Damn NATO And Their Earthquakes...

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"Some writers are so addicted to using qualifiers-or so insecure- that they guard their flanks with such words even when the flanks need no guarding" (Cappon 15).


I actually enjoyed these two chapters, especially Chapter Two because it provided a lot of examples of what not to write vs. what to write. The above quote talks about "Qualifiers," a term I wasn't very familiar with. After reading the section I realized I knew exactly what they were, just not what they were called.  


This section even made me chuckle. One example of an unneeded qualifier was, "a presumably unrelated earthquake..." to which Cappon responds, 'Presumably'? Could NATO have arranged that quake?"


So it makes sense to have some confidence in your writing to avoid mistakes like the above. But to also know when you absolutely need a qualifier in order to avoid a lawsuit!


Greta Carroll said:

Oh, I am quite familiar with qualifiers. My roommates tease me that I can’t say anything without sticking a qualifier in. I never really thought about it as a lack of confidence, I just like to make sure that what I say is 100% true and when one tags that little qualifier onto the end of one’s statement, it becomes full-proof (at least in my opinion). The statement can always be supported because you can always say, “well, I said probably.” However, Cappon is right. If we do use qualifiers it does throw the entire article into shades of doubt. Readers won’t know what is certain and what isn’t. So we’ll have to use those qualifiers sparingly, only when we absolutely need them.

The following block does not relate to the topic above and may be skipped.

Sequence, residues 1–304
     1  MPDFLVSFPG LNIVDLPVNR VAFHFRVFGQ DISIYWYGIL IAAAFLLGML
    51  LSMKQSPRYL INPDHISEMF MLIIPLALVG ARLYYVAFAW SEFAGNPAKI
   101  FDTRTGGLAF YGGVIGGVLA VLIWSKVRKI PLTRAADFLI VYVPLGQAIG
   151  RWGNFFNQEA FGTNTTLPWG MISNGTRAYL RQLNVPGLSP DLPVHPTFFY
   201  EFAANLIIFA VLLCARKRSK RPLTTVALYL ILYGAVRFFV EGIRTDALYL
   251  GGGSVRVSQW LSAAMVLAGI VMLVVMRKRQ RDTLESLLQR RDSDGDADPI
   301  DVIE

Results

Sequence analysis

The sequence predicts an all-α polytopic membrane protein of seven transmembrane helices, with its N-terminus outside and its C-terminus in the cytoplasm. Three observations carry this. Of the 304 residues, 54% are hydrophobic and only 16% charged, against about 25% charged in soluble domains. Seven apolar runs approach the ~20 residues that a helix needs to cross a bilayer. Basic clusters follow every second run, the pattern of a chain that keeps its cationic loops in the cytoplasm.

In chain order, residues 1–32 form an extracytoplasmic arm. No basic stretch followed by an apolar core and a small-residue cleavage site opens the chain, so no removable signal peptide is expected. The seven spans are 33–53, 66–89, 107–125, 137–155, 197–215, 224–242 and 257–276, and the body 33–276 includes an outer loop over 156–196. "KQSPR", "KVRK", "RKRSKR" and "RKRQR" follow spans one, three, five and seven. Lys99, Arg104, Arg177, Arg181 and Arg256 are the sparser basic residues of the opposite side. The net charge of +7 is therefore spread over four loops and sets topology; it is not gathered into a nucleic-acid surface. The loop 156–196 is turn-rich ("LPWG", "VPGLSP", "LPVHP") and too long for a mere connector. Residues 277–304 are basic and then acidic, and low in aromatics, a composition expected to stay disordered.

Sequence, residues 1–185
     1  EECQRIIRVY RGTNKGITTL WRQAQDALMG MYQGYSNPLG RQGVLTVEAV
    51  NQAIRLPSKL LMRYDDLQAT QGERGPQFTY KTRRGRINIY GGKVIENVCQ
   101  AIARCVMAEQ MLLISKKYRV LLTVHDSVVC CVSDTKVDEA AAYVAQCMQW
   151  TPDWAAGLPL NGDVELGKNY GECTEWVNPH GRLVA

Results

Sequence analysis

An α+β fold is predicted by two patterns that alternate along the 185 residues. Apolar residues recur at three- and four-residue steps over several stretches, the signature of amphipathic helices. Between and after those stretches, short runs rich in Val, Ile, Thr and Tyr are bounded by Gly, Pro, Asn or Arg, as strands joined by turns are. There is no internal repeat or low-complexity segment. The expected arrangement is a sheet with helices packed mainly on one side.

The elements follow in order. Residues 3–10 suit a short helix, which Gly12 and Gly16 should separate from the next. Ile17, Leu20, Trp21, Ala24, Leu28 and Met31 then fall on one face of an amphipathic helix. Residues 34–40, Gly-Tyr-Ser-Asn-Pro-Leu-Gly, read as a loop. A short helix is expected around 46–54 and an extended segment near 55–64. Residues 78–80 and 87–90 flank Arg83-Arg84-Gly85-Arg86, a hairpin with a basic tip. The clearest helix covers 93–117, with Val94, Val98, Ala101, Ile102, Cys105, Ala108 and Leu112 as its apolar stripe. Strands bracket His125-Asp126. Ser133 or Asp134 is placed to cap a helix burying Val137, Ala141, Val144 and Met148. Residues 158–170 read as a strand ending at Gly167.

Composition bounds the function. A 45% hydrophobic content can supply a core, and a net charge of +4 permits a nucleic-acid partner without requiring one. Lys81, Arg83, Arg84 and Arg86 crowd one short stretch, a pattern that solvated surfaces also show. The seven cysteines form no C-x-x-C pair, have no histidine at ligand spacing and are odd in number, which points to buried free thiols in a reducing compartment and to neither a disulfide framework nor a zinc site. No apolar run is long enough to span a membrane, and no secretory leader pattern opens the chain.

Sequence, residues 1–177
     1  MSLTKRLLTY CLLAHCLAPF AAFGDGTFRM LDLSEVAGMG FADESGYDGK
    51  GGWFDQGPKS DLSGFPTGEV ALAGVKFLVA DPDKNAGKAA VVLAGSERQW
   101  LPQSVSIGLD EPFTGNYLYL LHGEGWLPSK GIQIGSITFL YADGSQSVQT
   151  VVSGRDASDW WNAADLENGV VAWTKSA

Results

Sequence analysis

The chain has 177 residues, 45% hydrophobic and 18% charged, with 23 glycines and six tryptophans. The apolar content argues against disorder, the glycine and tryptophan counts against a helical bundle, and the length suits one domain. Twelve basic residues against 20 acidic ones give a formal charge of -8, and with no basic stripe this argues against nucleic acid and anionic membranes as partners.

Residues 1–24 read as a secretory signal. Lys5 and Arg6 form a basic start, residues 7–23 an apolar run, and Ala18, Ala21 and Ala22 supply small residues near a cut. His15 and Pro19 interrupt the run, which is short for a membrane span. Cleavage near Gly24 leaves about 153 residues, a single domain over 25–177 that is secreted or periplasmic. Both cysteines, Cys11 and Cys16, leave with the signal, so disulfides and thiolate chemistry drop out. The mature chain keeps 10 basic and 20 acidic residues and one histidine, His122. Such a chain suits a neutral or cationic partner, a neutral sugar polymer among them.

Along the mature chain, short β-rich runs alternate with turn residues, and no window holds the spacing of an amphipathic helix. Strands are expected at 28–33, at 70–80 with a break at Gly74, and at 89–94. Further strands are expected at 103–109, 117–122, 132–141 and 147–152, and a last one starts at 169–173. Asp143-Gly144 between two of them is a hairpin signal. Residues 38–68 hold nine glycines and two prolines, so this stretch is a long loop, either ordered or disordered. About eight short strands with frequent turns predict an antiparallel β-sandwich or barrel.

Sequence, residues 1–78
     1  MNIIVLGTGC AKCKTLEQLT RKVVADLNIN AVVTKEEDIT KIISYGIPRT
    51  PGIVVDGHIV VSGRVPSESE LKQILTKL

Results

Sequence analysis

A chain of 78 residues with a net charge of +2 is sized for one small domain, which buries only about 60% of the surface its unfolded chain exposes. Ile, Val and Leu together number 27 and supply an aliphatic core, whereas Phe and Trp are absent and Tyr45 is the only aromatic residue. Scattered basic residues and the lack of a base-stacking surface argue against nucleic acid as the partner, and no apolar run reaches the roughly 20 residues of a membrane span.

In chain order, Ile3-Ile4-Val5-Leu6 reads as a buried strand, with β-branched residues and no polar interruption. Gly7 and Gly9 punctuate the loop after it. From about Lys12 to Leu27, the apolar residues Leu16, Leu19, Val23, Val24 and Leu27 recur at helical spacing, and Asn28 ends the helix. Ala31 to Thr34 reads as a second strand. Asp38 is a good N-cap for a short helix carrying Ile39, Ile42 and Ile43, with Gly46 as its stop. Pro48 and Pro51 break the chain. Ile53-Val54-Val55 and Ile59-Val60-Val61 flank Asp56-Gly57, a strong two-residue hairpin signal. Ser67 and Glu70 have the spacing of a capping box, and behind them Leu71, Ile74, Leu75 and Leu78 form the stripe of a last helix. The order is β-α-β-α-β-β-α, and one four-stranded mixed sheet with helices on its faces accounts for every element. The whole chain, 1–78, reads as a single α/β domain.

Derek Tickle said:

Well done, Michelle. I, also, really enjoyed the second chapter more so than the first because of how it taught us how to write instead of simply listing a ton of facts that no one will remember. In your example, I think you really noted a qualifier that probably should have been avoided or not? It is amazing how "one" word can make a sentence should completely wrong or absolutely correct.

Angela Palumbo said:

I wasn't very familiar with qualifiers before reading this chapter. I guess that qualifiers are more of a way to make, as Greta said, a full-proof statement rather than display a lack of confidence. However, there are times that I say things and tack on the qualifier just in case I'm wrong in which case it is a lack of confidence.

Greta Carroll said:

lol, I was just rereading my comment. I talk about how we shouldn't use qualifiers and then I go and use one right in my comment. Notice the: "at least in my opinion," the I tagged onto my one sentence there. Talk about irony.

Aja Hannah said:

You gotta be careful nowadays. You never know what the government is capable of! Earthquakes! It's only a matter of time! (Note the sarcasm)

I agree with Michelle that the use of qualifiers is mostly used to cover you butt so people can't take you to court or disupte something you said because you tagged "in my opinion" or "probably."

Michelle Tantlinger said:

Oh Greta...lol...that was a perfect example. It's even in parenthesis to emphasize that your adding it on...I actually thought you did it on purpose because you are clever like that! But, there is nothing wrong with unintentional cleverness!

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